Dravet syndrome is a genetic disorder characterized by severe seizures that begin in infancy. Knowing how to respond to the seizures is essential in managing the disease.
Many types of seizure medications exist, with some taken daily as a preventative measure and others only as needed in cases of emergency. Typically, these two types are taken alongside each other, as rescue medicines are not intended to replace regular, prescribed Dravet treatment.
What are rescue medicines?
Rescue medicines are fast-acting anti-epileptic drugs that help to stop a seizure quickly before it progresses to a medical emergency, such as status epilepticus. Life-threatening, status epilepticus is defined as a seizure lasting more than five minutes, cases where a second seizure occurs without the patient regaining consciousness, or repeated seizures occurring for 30 minutes or more.
Rescue medicines are commonly a type of benzodiazepine. They act quickly as a sedative, reducing brain activity (overactive nerve cells) in the patient with the aim of ending the seizure. They can be vital in preventing the patient from sustaining further damage, and are considered a first-line treatment of status epilepticus.
If a patient is prescribed a rescue medicine, he or she should ensure that the medication is kept on or close at hand at all times. Information on what emergency medication is recommended for the patient, and when and how it should be used, should be included in an emergency seizure management plan approved by the patient’s doctor.
When are rescue medicines used?
Rescue medicines are only given as needed in a seizure emergency. This may vary depending on the patient and the situation. For example, they may be recommended if the patient experiences unusually prolonged or repeated seizures, a seizure that is outside of a normal pattern, or if the seizure occurs at a high-risk time, such as when the patient is sick.
Most seizures end by themselves without needing treatment. However, those that last for more than five minutes can become more difficult to stop and stand a chance of progressing to status epilepticus. Rescue medicines are likely to be recommended in seizures known to be atypical for a given patient.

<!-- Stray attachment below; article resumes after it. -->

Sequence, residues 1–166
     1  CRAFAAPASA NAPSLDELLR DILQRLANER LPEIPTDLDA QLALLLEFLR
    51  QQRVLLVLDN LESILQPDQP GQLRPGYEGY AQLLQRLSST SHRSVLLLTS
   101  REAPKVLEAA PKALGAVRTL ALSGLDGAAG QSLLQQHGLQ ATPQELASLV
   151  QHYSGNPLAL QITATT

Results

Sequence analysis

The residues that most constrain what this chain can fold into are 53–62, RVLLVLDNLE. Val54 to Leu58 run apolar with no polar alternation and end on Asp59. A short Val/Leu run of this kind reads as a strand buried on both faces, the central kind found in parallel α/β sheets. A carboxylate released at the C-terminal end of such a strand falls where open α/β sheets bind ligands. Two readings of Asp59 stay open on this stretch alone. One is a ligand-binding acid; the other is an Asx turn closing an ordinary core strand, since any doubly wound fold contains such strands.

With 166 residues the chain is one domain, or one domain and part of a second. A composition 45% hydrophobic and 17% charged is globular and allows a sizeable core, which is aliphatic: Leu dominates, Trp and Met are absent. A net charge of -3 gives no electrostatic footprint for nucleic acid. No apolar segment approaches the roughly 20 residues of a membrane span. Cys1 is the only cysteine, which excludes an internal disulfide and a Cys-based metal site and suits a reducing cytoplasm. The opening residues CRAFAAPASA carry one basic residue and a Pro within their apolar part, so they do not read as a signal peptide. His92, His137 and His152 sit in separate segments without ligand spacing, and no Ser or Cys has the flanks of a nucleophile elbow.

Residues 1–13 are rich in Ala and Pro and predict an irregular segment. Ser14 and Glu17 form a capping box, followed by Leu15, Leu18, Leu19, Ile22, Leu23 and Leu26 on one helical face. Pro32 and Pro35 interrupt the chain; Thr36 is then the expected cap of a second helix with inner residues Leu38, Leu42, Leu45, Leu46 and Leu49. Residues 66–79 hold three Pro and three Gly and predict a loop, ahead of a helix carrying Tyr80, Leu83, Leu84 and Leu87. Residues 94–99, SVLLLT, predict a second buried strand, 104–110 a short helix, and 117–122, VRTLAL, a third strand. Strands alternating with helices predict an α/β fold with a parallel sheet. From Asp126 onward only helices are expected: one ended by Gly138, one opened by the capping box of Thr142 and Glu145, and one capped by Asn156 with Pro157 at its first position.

Generalized tonic-clonic seizures are the most likely to progress to status epilepticus, and can be fatal. Emergency rescue medicines are almost always recommended for tonic-clonic seizures lasting longer than five minutes.
Types of rescue medicines
It can be a challenge to safely give a rescue medicine to a person during a seizure. Various formulations are available that offer different routes of administration, depending on the patient, the type of seizure, and who is available to give the medication.
Oral pills will clearly not help people unable to swallow. So formulations allowing medication to be placed under the tongue (sublingual) or between the cheek and gum (buccal) exist. If it is difficult to place anything in the mouth of a person having a seizure, a rectally administered diazepam gel, called Diastat, can be used.
Clinical trials are now assessing the safety and efficacy of rescue medicines delivered as a nasal spray, such as the midazolam intranasal spray, USL261.
In a hospital, rescue medicines may be administered as an injection. But in general, this type of delivery of a seizure treatment is not advised for those who are not medical professionals.
Family members and caregivers of Dravet patients are strongly recommended to receive training, from a healthcare professional, in when to administer and how to safely administer emergency rescue medicines.
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